Over millennia, ecological and evolutionary mechanisms have shaped macroecological patterns across the tree of life. Research describing these patterns at both regional and global scales has traditionally focused on the study of metazoan species. Consequently, there is a limited understanding of cross-phylum biogeographic structuring and an escalating need to understand the macroecology of both microscopic and macroscopic organisms. Here we used environmental DNA (eDNA) metabarcoding to explore the biodiversity of marine metazoans, protists and bacteria along an extensive and highly heterogeneous coastline. Our results showed remarkably consistent biogeographic structure across the kingdoms of life despite billions of years of evolution. Analyses investigating the drivers of these patterns for each taxonomic kingdom found that environmental conditions (such as temperature) and, to a lesser extent, anthropogenic stressors (such as fishing pressure and pollution) explained some of the observed variation. Additionally, metazoans displayed biogeographic patterns that suggested regional biotic homogenization. Against the backdrop of global pervasive anthropogenic environmental change, our work highlights the importance of considering multiple domains of life to understand the maintenance and drivers of biodiversity patterns across broad taxonomic, ecological and geographical scales.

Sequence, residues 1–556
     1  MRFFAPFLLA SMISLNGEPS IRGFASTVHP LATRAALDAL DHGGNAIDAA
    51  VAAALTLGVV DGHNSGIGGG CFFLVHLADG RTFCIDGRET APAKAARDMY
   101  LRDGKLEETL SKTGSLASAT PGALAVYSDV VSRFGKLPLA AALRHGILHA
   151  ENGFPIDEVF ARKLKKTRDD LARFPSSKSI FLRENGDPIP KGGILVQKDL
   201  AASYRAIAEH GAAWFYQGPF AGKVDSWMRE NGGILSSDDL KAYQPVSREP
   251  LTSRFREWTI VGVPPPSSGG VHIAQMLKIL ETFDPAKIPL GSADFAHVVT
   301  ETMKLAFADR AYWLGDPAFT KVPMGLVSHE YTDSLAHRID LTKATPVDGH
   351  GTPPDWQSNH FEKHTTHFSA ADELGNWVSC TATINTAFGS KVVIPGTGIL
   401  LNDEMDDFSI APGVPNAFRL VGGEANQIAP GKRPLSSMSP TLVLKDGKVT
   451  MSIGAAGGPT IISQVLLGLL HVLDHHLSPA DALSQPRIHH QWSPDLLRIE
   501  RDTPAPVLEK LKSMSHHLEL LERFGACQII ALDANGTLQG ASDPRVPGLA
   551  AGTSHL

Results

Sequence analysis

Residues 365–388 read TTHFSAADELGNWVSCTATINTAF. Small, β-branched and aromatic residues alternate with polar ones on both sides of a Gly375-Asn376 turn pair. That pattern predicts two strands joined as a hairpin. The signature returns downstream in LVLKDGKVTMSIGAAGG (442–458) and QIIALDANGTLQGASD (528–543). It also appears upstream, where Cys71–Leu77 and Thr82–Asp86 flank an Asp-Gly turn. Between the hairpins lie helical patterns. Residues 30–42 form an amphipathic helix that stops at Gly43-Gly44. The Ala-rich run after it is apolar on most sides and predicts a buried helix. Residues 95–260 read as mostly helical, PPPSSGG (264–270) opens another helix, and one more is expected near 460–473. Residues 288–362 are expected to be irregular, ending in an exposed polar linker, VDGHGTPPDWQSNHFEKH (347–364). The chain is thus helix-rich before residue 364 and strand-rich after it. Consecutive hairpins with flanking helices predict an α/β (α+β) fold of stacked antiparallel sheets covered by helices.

Holman, L. E., de Bruyn, M., Creer, S., Carvalho, G., Robidart, J., & Rius, M. (2021). Animals, protists and bacteria share marine biogeographic patterns. Nature Ecology and Evolution, 5(6), 738–746. https://doi.org/10.1038/s41559-021-01439-7